For what it’s worth Drawing lines in the South End sand
Let’s hear it for a neighborhood organization, the South End Neighborhood Revitalization Zone, which has in effect drawn a line in the sand against a Building & Land Technology (BLT) proposal to build a 22-story tower on Woodland Avenue between Atlantic and Pacific streets and a smaller development along the waterfront on nearby Canal Street. Members of the organization and other South End residents registered opposition to the proposal at a meeting Tuesday night of the Stamford Planning Board, which is considering the plan. “We’re not against redevelopment, but we don’t want a 22-story apartment building that would force families out and make it hard for others to see out their windows,” Terry Adams, one of two city representatives from the South End (the other is Elisa Coleman) and president of the organization, told me Wednesday. Susan Halpern, the vice president of the organization, who spoke at the meeting, pointed out that the South End was placed on the National Registry of Historical Places in 1986 and that the proposal, if approved, would have a negative effect on the neighborhood. “It would create even more of a bad traffic situation and, at that, how many more apartments do we need in Stamford?” she said Wednesday. This issue hits home since I grew up on Ludlow Street when the South End was a predominantly Polish and industrial area dominated by the massive Yale & Towne lock factory complex that employed as many as 6,000 people. To drive out people who have lived in the South End since that era (which despite the factory smoke and the polluted Jefferson Street Canal some of us swam in was a wonderful place to be raised) would be outrageous. BLT has virtually been given a free ticket to defy city ordinances in the process of redeveloping a huge swath of the South End, much of it admirable, but it is now on the verge of going too far.
What aren’t thorough inspections of all Stamford schools inspected for signs of mold before schools open? There doesn’t seem to have been an acknowledgment of mold in schools until weeks after schools opened. Clarence Zachery, chief financial officer and chief operating officer for the Stamford Board of Education, told me that there is “no particular testing of the 25 school buildings unless the issue is brought to the attention of the board by school custodians.” That seems to expect a lot of the school custodians.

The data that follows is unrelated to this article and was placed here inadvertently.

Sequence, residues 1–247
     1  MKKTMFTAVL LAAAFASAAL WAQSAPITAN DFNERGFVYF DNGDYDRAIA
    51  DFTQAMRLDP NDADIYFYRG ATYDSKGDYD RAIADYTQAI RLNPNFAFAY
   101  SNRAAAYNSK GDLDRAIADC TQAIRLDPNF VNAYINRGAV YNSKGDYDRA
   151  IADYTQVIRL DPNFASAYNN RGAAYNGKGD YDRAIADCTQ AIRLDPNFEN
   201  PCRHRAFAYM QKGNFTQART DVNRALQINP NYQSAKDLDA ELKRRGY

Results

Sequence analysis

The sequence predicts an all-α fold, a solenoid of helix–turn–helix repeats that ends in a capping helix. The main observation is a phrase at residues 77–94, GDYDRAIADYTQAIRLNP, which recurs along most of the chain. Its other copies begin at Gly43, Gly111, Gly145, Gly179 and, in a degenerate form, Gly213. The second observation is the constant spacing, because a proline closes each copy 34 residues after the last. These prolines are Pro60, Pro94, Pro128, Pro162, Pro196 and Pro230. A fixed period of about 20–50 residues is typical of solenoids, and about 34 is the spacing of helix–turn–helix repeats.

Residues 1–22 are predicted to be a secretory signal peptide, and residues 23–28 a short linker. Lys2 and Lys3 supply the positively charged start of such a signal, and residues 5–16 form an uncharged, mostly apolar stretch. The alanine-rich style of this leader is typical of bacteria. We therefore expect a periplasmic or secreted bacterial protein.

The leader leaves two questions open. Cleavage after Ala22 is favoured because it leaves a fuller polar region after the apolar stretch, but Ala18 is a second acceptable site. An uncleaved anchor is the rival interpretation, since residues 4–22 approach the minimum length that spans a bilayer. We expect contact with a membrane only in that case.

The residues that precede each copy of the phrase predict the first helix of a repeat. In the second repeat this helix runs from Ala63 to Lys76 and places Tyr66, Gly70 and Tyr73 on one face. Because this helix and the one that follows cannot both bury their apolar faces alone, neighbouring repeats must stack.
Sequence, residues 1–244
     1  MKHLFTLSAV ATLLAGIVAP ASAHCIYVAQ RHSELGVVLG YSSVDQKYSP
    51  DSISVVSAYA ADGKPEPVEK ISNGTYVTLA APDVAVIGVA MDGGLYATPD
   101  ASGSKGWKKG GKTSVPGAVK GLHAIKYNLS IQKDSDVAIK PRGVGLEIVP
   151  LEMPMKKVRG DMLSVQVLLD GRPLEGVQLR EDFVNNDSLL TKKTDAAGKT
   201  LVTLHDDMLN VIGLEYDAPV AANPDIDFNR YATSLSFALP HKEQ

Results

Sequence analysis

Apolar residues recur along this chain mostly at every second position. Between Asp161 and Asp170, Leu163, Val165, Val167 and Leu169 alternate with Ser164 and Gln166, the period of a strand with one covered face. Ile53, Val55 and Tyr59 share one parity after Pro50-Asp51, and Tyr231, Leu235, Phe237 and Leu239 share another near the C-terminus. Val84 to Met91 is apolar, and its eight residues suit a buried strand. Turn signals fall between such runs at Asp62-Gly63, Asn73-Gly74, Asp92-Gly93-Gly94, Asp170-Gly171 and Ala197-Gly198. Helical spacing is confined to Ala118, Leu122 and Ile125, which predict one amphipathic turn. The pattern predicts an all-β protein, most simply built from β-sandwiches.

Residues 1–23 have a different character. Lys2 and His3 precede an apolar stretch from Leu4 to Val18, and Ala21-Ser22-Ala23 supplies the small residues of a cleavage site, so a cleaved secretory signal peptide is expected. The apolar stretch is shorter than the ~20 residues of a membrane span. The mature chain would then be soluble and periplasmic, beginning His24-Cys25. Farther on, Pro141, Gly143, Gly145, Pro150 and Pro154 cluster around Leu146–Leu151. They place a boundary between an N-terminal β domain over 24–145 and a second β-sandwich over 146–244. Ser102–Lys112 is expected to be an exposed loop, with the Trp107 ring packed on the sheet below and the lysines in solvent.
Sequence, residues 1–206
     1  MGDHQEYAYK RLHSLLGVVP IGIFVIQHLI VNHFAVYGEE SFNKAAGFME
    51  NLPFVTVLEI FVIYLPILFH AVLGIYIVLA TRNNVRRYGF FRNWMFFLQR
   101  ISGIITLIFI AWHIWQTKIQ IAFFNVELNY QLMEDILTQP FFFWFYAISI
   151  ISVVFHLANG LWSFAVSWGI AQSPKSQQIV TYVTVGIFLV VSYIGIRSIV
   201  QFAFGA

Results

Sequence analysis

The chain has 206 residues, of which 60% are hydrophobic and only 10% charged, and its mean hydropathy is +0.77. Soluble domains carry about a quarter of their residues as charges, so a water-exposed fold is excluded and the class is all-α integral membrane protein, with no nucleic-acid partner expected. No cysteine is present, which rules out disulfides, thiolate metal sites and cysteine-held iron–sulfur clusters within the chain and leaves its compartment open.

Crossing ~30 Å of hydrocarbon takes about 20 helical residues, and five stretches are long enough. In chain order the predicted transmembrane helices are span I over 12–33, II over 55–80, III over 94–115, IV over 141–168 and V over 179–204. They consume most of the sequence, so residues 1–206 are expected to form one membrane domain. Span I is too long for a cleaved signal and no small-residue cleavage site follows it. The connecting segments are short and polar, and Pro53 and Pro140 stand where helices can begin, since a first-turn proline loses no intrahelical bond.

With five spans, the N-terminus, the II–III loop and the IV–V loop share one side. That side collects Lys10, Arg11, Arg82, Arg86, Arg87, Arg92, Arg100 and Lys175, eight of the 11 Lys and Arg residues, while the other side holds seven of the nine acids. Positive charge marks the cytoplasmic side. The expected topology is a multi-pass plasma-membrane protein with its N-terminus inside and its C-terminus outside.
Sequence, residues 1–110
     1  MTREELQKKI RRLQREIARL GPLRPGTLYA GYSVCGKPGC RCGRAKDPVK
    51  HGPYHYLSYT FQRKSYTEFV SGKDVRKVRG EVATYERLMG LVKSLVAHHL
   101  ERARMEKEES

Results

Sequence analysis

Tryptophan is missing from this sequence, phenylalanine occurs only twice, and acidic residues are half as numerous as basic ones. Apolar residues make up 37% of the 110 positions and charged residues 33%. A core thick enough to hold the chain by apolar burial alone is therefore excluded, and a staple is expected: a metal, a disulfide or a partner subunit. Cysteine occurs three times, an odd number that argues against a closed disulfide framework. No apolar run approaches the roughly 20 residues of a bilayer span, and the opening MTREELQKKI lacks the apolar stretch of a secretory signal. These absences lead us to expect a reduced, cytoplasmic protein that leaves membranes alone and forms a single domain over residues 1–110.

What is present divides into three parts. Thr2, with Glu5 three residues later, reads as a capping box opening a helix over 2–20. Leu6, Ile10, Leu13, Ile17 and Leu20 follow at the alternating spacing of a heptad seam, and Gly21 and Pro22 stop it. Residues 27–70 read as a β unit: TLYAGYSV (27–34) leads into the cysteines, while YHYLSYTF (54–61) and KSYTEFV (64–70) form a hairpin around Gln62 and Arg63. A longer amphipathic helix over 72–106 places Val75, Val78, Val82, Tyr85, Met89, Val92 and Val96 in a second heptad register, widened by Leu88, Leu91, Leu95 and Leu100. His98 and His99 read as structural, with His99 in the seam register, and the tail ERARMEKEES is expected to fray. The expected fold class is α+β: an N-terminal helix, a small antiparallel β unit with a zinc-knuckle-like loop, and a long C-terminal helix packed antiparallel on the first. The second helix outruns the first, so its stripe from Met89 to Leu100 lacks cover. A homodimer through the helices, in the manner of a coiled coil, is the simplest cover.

Speaking of the South End and schools, the aforementioned Susan Halpern of the South End Neighborhood Revitalization Zone organization and other South Enders can’t quite understand why Kosciuszko Park on the Long Island Sound waterfront is now closed from 8:30 a.m. to 3:30 p.m. while school is in session at the adjacent former Pitney Bowes building on Elmcroft Road. The building is being used to house students from Westover School that has been closed because of mold.. “It’s not fair to residents who use our park,” Halpern said. Incidentally, it was nice of Building & Land Technology to loan part of the building it owns for use as a school, though the price of $1.8 million for a lease that runs until the end of the school year in June seems a bit steep.
How big has Stamford gotten? Ron Malloy, a Democrat and one the two registrars of voters (Lucy Corelli, a Republican, is the other) said a record 70,449 voters registered for the recent midterm elections. Of those, 47,381(67.3 percent of those eligible) voted. By comparison there were 58,769 eligible to vote in Stamford in the last midterm election in 2014. “Shows you how Stamford has grown,” Malloy said this week.
Jack Cavanaugh is a Stamford Advocate columnist and a Stamford native and resident. He is a longtime print and network news reporter, sportswriter and the author six books.